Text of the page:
Pickup trucks for many years have topped annual sales charts. With their sport utility vehicle cousins as co-conspirators, several manufacturers did what seemed unfathomable — abandon their sedan lineups.
Poor gas mileage, difficult entry and exit and sometimes clunky rides don’t matter. Masculinity and versatility reign in new automotive purchasing. The top six best-selling vehicles in the United States in 2018 were either pickups or SUVs.
Good reasons abound. In many instances, pickups are luxurious small apartments.
The Nissan Titan is among the few trucks struggling. Sales slipped to just over 50,000 in 2018, a loss of nearly 5 percent from a peak year in 2017, according to Kelley Blue Book, the automotive research company.
The manufacturer is trying to rally with the 2019 Nissan Titan, the third year of the truck’s second generation. The new edition has several upgrades — some standard, others in option packages.
New standard offerings include a seven-inch screen audio display, a rear door alert system as well as Apple Car Play and Android Auto. An impressive 485-watt, 12-speaker Fender audio system is new among the expansive list of equipment in the Pro-4x Utility Package ($1,845).
The Convenience Package ($3,545) features leather and power seating and other comforts such as a power, heated, tilt and telescopic steering wheel and heated front and rear seats.
Comfort in a pickup was once considered a contradiction. Now, it’s often the rule. The Titan’s ride is comfortable with well-constructed buckets in the front and an equally pleasant rear bench seat with room for three adults. Legroom is plentiful. The roof is positioned high to accommodate taller passengers.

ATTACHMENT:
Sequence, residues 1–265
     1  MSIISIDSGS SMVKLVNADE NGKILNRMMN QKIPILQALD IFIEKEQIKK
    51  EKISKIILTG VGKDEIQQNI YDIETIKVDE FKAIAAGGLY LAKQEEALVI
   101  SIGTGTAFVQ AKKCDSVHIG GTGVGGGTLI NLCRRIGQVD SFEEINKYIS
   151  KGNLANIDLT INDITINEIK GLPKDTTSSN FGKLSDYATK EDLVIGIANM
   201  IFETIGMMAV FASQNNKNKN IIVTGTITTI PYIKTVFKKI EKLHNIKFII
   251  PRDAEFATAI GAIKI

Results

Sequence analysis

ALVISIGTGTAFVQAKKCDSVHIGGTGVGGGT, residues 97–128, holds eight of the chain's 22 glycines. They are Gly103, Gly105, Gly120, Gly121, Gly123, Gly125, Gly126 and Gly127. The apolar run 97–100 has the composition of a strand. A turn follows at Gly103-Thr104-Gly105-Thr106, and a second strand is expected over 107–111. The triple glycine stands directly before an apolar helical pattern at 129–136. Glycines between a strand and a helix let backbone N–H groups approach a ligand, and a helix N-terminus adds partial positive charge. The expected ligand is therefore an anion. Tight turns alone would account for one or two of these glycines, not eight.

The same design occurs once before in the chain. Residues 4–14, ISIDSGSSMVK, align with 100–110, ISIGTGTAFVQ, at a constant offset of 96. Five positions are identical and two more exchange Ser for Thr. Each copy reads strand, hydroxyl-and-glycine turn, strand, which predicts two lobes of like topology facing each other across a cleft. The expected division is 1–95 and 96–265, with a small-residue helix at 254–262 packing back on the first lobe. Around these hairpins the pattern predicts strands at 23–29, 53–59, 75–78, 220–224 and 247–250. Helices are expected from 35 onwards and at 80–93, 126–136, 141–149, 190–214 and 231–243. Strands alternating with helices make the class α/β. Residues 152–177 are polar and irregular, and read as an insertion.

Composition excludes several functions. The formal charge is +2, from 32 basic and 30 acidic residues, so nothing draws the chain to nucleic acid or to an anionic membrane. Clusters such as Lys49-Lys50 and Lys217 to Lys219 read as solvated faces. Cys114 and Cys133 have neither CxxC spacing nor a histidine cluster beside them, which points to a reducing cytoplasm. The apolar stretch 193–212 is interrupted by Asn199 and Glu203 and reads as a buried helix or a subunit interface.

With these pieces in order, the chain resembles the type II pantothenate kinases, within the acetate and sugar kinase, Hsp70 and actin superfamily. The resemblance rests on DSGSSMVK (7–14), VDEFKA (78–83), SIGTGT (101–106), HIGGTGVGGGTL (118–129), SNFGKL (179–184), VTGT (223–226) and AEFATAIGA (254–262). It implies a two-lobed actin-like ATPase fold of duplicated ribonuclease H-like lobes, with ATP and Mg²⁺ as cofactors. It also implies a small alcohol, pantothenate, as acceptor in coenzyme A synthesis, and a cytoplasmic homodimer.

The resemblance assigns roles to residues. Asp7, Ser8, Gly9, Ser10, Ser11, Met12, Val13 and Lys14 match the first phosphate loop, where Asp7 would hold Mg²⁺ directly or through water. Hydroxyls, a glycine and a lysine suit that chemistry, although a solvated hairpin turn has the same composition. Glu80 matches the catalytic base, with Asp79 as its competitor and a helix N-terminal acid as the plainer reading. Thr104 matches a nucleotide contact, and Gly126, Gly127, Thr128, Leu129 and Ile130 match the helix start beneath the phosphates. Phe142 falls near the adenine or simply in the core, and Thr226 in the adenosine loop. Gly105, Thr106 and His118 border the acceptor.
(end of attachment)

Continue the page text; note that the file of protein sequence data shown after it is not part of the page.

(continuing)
Still, the main focus of the segment is ruggedness. The Titan is equipped with a 5.6-liter V8, 390 horsepower and a seven-speed automatic transmission. It advances from 0-60 miles per hour in 6.4 seconds, average for the segment.
The truck is fully capable with its shift-on-the-fly 4-wheel-four drive system and hill start assist and descent control. Standard are 18-by-8-inch aluminum wheels.
It all adds up to provide the Titan’s strengths and its best environment — off-road. Its 15 miles per gallon in city driving and 20 miles per gallon in freeway averages are better than some competitors. But it’s a far from a cost-effective way to travel in city treks.
It’s peculiar for a vehicle with small overall yearly sales to offer so many models and trims levels. The Titan is available in 52 configurations. The Diesel Crew Cab Reserve with four-wheel drive is the top-line with a base price of $67,575. The entry-level, two-wheel Single Cab Titan with cloth seats and a lower-end, six-speaker auto system, begins at $30,030.
The Pro-4X ($46,710) is a strong choice. It caters to the Titan’s off-road strengths. Bilstein shocks, all-terrain off-road tires, electronic locking rear differential and skidplates are added to the truck’s already satisfactory standard features list.
Hauling versatility is another major attribute. The Titan’s bed options include the Utili-track Bed Channel System, a spray-in bed liner and LED bed-rail lighting. The channel system is a tie-down format with adjustable cleats and rails. Locking storage boxes are available. The tailgate is also damped; it prevents slamming; instead, it lowers steadily. With its four option packages, the Pro-4X is priced $54,290.
Equipment aside, the Titan’s shortcomings are performance and its driving persona. The top-selling Ford F-150 and Ram 1500 get higher marks for precise steering as well as overall maneuverability and handling. Tight turns for the Titan are problematic.
Acceleration is satisfactory. But the Titan, despite its name, lacks the same command of the road as its top competitors. It’s a long way from weak, but it’s not a divine truck, like its supreme namesake in Greek mythology.